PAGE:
An alternative approach if a doctor or other health professional or friend or loved one is concerned about someone’s health would be to ask them first for their consent in the conversation. If they are open to the conversation, you might then ask meaningful questions about their self-care and behaviors around eating and food, movement, sleep, stress, and their emotional and psychological health. The science of weight and health are not as simple as “calories in/calories out” and that there are many variables to consider in the conversation.
Our collective goal should be to treat all people with compassion, basic human decency, and respect and focus on behaviors, not weight. I may sound like a broken record at this point for those of you who read my blogs regularly, but if your goal is health, or as a health professional, your goal is to help people be not only physically healthier, but also mentally and emotionally, a focus on behaviors versus weight is far more beneficial. All people in all bodies deserve care, compassion, and respect.
As medical professionals, one way to think about it is to consider what it might look like to give the same treatment to people in larger bodies that we would to people in smaller bodies. The best way to provide ethically sound healthcare is for medical professionals, doctors, nurses, dietitians, therapists, etc. to avoid making assumptions and basing their treatment/recommendations on weight or body size and shape.
For instance, if a patient comes in with a complaint of knee pain instead of just telling someone in a larger body to lose weight, give that person the very same treatment you would someone in a smaller, thin body, whether that is anti-inflammatories, further tests like an MRI to rule out serious issues or possibly physical therapy. Far too often patients, no matter their complaint or problem are given a diet or told that they must lose weight before they can be treated. Using the knee problem again as an example, what happens is that the patient goes untreated, the problem worsens, and then when patients muster up the guts to come back in for help the worsening of the problem is seen as a weight issue instead of being a lack of treatment early enough issue.
The advice of “lose weight” and “eat less/move more” isn’t helpful for most people. Despite what we are sold by the diet and wellness industry, when we look at the evidence, there is no scientifically proven way for the majority of people to lose weight and keep it off long term. When you look at the data of any intentional weight loss intervention at the 2-5 year mark the failure rate (not of the people doing them, but of the diets/interventions themselves) is dismal. So, is it really ethical to promote weight loss as a solution? Or would it be more ethically sound to focus on behaviors and habits people can actually do to take care of themselves?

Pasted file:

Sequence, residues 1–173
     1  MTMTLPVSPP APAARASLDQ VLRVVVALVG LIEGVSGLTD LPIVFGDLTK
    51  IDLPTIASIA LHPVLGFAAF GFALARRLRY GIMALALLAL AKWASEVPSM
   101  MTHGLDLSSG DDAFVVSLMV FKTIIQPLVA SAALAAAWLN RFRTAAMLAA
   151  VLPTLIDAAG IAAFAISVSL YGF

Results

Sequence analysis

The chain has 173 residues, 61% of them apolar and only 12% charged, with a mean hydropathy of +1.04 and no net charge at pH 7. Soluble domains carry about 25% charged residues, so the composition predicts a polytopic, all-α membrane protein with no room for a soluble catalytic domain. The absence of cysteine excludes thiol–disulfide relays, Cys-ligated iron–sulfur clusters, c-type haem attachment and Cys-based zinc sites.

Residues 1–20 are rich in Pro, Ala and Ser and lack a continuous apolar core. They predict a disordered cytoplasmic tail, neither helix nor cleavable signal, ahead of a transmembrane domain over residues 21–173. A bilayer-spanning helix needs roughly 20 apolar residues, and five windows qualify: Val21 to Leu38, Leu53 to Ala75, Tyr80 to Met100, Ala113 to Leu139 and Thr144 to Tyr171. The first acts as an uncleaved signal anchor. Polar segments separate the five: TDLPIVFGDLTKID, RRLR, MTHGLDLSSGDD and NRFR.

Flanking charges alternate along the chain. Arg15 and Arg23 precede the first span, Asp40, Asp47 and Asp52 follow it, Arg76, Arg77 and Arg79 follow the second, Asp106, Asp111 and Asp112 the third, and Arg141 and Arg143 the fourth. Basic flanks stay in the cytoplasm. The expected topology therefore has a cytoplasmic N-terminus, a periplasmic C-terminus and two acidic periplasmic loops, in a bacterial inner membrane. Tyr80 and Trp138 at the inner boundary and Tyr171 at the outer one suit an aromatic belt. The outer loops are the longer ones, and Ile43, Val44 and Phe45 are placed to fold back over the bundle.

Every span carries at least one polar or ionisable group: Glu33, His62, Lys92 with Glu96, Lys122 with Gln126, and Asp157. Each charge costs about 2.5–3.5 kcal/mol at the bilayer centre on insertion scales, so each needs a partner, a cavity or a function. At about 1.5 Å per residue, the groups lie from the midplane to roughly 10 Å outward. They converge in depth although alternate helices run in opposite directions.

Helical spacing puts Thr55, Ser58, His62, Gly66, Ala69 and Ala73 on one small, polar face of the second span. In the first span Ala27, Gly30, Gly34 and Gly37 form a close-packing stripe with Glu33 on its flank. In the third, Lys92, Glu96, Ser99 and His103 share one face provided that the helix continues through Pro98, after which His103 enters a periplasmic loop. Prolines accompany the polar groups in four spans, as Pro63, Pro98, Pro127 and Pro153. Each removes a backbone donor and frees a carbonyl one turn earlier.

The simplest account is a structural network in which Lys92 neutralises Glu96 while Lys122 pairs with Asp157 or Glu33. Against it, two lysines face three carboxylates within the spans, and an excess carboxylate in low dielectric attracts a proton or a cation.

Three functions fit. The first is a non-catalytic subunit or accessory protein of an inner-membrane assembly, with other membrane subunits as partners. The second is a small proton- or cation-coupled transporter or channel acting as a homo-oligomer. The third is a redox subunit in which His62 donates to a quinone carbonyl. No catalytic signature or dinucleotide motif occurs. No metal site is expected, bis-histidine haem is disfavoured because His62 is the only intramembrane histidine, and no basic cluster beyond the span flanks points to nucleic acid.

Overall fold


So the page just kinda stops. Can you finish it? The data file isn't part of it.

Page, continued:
In my weight-inclusive practice and the framework of intuitive and mindful eating I focus on helping people work towards their goals around health and wellness without a focus on the scale. Taking the focus off weight is ultimately far more health promoting, sustainable, and life-enriching. People are so much more than just bodies and the number on the scale or BMI. We are individuals, not statistics or categorizations based on an archaic measure. While the intentions behind prescribing diets, conversations focused on weight loss, and the discussion of weight and health may be good, hopefully after reading this we all can agree, the impact clearly is not.
Ask yourself if you hold negative opinions about people with excess weight. If so, remember weight is complex with multiple contributing factors including genetic, biological, and other noncontrollable factors. If you are interested in learning more about shifting our perspective to focusing on behaviors instead of weight, google “Weight Science: Evaluating the Evidence for a Paradigm Shift”, an evidence-based paper on the subject. If you aren’t sure about your own implicit biases – those biases we have that are outside of our consciousness and control – and would like to better recognize those biases a helpful tool to check out is Harvard’s Implicit Bias Test, a tool intended to raise awareness in various areas where it is common to hold biases. Locate that at implicit.harvard.edu, click on “Take a Test” and look for the “Weight IAT.” If you would like to learn more about these concepts in general, please visit asdah.org.
If you are a doctor, medical professional or business and are interested in you and your staff raising awareness about weight stigma and bias and how we can help without causing further harm, please contact me. I am available to present to you and your office, either virtually or in person.